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1 October 2006 Landscape Correlates of Reproductive Success for an Urban–Suburban Red-Tailed Hawk Population
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We studied the reproductive success of an urban–suburban red-tailed hawk (Buteo jamaicensis) population in southeast Wisconsin, USA, over a 14-year period, and we used productivity as a measure of habitat quality. Red-tailed hawk reproductive success for our study in southeast Wisconsin, USA, is consistent with other studies across North America, averaging 80.1% nesting success and 1.36 young per laying pair. Productivity for 1994 was significantly greater than other years. Red-tailed hawk productivity, an index of habitat quality, varied with habitat composition surrounding nest sites. Wetland area was the only habitat type that was significantly greater for low-productivity sites, indicating that wetlands were not beneficial for red-tailed hawk productivity in our study area. Urban habitat characteristics (i.e., area of roads and high-density urban land) were greater for high-productivity sites, and the landscape consisted of smaller habitat patches. This indicates that urban–suburban locations provided high-quality habitat for red-tailed hawks in our study area. Higher productivity in high-density urban areas suggests that the urban red-tailed hawk may be a source, not a sink, population in the metropolitan Milwaukee area. Increased nesting on human-made structures in urban locations and enhanced reproductive success for these nests reinforce this hypothesis and suggest that red-tailed hawks are adapting to this urban environment. Resource managers and urban land-use planners can incorporate high-quality red-tailed hawk habitat characteristics into urban land-use plans, thus insuring that individuals with increased fitness persist in this urban landscape.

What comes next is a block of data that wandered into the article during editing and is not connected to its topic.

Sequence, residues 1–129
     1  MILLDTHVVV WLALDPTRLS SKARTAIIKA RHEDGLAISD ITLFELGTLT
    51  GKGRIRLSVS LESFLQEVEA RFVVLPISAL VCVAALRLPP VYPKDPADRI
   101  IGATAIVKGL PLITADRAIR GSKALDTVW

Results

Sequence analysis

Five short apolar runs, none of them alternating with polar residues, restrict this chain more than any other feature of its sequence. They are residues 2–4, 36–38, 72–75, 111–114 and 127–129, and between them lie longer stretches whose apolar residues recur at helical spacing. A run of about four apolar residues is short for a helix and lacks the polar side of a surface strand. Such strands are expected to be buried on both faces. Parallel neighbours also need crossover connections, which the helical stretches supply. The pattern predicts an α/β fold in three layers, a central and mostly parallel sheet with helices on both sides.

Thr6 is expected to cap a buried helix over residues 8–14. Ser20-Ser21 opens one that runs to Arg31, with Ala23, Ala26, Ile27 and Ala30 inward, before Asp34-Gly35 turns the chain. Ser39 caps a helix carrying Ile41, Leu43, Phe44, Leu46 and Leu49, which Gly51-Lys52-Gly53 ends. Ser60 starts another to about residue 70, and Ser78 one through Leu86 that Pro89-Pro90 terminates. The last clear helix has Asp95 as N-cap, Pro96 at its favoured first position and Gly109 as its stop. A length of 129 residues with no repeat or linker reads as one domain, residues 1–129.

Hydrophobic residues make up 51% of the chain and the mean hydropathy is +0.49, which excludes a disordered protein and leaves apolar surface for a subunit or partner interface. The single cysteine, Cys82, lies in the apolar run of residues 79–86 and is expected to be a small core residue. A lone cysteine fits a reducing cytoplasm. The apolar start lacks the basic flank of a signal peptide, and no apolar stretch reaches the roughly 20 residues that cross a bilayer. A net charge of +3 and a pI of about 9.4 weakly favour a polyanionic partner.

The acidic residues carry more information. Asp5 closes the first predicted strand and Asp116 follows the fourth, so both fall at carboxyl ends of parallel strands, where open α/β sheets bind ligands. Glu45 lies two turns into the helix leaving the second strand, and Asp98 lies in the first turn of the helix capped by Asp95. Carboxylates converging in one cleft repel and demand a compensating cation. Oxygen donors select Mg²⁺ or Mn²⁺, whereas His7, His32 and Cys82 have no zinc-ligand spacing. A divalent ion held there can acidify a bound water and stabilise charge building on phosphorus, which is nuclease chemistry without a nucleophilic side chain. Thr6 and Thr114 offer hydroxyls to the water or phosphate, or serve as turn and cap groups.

WILLIAM E. STOUT, STANLEY A. TEMPLE, and JOSEPH M. PAPP "Landscape Correlates of Reproductive Success for an Urban–Suburban Red-Tailed Hawk Population," Journal of Wildlife Management 70(4), 989-997, (1 October 2006).[989:LCORSF]2.0.CO;2
Published: 1 October 2006

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